by Katie Julius
Being a homeschooler, especially one who homeschools independently in California, can be a very isolating experience. We are with our children/students all day, every day, and often without breaks or interactions with other adults. It’s so important to make sure that we, as homeschool parents, are taking care of ourselves so we can be the best parents we can be for our kids, both in and out of the “classroom.” We need to seek out and engage with a community of like-minded families to walk with us on our homeschool journey.
An outsider looking in on the current state of homeschooling in California might be puzzled as to why finding a community is necessary since there are so many resources outside of the home available to homeschoolers. We seem to always be at one extracurricular class or another (socialization, right?). However, in my search for a homeschool community over the last two or three years, I was surprised to find there are very few groups who offer true community for the entire family. Many of these supplemental resources offer community for our kids, but the parent either drops off their child and leaves or sits silently amongst all the other parents they see for one or two hours every week before heading off to the next activity.
The issue of overscheduling our kids is a discussion for another day. Today, I want to share with you why it’s so important to have a homeschool community and how it can transform your homeschool experience.
The Bible Tells Us To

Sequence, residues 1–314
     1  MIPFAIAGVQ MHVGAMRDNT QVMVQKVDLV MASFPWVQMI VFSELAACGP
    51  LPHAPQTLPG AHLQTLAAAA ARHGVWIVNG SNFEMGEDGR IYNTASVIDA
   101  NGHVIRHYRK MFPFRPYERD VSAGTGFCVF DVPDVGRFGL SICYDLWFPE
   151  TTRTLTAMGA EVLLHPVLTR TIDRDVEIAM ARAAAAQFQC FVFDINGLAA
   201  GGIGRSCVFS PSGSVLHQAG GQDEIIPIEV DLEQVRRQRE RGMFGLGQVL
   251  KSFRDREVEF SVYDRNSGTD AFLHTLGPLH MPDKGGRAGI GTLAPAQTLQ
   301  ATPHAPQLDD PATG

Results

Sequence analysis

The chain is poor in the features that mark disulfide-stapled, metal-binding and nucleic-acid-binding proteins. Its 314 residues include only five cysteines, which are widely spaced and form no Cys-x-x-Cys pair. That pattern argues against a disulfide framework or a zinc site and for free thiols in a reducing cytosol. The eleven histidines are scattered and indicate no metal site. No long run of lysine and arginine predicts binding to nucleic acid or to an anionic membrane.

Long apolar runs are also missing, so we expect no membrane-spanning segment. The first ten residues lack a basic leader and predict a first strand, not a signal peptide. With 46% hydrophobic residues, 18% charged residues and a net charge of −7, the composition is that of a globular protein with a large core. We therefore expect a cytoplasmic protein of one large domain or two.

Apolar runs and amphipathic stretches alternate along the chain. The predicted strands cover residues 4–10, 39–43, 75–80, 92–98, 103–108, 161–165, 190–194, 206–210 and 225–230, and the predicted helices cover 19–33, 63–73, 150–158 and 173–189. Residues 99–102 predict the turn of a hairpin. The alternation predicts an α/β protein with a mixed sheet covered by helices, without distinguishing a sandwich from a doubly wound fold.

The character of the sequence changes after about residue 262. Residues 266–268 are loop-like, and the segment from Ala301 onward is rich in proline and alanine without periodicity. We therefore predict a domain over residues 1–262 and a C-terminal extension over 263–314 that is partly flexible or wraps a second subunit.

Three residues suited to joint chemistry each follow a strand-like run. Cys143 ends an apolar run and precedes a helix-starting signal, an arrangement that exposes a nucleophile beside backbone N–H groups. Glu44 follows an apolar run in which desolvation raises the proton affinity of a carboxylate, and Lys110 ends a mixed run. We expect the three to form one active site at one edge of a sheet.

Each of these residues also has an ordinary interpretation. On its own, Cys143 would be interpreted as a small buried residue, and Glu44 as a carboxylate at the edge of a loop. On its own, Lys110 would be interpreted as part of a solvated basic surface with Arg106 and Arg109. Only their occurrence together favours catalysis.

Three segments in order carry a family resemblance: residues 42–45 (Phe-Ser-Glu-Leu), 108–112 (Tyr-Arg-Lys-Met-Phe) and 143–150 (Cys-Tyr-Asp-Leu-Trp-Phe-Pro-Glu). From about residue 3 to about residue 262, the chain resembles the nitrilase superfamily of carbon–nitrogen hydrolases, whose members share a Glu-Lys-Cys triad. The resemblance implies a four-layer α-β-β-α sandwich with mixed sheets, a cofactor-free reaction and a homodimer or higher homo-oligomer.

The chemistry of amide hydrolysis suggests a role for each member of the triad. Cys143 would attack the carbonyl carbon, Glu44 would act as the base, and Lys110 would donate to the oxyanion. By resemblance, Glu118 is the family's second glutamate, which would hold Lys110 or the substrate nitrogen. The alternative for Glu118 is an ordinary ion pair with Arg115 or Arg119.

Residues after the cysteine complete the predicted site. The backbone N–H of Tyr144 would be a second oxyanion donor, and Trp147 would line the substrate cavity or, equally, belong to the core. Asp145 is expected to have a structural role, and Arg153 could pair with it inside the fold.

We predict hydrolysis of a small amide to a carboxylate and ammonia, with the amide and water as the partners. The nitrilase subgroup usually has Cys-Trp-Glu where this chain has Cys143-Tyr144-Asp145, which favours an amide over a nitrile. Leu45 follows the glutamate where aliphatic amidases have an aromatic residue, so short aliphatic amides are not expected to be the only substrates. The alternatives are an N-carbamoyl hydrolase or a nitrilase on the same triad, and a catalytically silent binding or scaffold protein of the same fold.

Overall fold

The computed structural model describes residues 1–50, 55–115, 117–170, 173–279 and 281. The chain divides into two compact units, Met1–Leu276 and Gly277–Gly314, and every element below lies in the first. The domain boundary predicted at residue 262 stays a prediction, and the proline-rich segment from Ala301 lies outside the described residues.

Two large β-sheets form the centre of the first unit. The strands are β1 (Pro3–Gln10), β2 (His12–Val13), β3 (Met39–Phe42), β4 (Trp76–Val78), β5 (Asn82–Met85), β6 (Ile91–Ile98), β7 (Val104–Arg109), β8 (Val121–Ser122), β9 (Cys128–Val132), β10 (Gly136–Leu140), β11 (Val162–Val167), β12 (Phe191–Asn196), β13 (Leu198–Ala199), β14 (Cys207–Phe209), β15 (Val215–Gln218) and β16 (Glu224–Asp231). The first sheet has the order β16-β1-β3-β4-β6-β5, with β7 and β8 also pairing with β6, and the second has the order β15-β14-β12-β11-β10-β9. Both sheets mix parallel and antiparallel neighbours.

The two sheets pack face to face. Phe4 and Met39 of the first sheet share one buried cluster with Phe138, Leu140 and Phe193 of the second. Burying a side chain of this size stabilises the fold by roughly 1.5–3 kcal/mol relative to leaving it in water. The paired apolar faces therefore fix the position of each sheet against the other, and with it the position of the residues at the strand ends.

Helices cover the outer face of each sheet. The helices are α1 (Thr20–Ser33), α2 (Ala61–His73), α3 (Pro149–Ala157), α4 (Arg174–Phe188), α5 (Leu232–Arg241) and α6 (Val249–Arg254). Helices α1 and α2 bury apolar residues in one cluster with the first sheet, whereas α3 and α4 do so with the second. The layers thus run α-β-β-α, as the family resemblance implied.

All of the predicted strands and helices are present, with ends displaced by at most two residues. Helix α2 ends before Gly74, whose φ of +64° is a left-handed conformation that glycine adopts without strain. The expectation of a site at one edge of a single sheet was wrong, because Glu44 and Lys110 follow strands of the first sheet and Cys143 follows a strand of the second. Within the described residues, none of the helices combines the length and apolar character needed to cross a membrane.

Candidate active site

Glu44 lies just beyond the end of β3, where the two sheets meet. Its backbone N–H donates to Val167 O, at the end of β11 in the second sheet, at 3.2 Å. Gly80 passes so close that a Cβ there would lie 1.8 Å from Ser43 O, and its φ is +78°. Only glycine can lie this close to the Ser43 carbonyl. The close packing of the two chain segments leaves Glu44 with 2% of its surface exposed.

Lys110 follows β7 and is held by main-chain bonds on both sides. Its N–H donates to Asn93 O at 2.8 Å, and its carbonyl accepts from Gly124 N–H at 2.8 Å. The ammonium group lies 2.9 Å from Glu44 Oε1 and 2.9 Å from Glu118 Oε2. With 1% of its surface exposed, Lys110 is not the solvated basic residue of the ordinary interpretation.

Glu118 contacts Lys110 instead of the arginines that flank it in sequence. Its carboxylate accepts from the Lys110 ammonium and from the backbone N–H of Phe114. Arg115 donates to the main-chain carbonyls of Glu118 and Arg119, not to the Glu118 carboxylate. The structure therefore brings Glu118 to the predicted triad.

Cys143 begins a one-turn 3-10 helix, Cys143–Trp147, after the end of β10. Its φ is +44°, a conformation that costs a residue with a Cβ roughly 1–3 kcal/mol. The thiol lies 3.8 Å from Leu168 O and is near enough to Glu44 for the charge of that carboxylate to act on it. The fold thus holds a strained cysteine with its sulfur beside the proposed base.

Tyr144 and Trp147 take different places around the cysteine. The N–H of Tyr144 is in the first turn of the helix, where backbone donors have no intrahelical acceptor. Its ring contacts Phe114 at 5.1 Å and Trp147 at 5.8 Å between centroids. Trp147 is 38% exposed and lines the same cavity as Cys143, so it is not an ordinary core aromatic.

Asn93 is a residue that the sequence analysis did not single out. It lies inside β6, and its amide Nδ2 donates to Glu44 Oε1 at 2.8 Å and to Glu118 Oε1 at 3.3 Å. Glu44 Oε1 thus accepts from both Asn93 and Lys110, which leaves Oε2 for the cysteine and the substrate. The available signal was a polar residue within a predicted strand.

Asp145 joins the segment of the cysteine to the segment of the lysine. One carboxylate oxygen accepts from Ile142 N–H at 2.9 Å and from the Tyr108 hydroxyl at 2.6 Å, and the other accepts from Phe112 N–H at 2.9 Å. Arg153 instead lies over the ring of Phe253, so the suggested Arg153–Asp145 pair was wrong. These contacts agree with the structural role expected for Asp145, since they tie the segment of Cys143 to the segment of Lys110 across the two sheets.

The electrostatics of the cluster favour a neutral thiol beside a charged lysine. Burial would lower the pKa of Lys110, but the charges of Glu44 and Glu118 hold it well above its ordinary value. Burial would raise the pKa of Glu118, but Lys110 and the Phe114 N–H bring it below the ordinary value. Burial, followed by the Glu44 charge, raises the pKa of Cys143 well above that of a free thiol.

“And let us consider how we may spur one another on toward love and good deeds, not giving up meeting together, as some in the habit of doing, but encouraging one another – and all the more as you see the Day approaching.” – Hebrews 10:24-25 (NIV)
While the author of Hebrews wasn’t speaking to homeschooling parents in this passage, he was speaking to believers. Being in community with other homeschooling families gives us the opportunity to encourage each other, not only in our practical day-to-day struggles, but in our walk with Christ, too.
I recall a park day with our co-op group last spring, a time when there seemed to be no light at the end of the school-year tunnel. It was a few months after we lost my dad to cancer and it was just a rough day. While my daughter ran around the playground with a group of her friends, one of the other moms in the group prayed with me in the middle of the park. It was such a small gesture on her part, but such a blessing to me in the midst of the chaos of all that was going on at that time.
Chances are, if you join an established homeschool co-op or other support group, you’ll find homeschooling families that are at all different stages of their homeschool journey, from first year homeschoolers to seasoned veterans. What greater resource to seek advice from than a mom who has been doing this for the last 25 years?
When my husband and I were first discussing homeschooling, the mom of a boy in our Awana Club at church was the leader of our co-op group. She was able to answer our questions and offer advice and suggestions as we considered what homeschooling would look like for our family. From curriculum options to planning, she was able to provide insight and guidance based on her experience.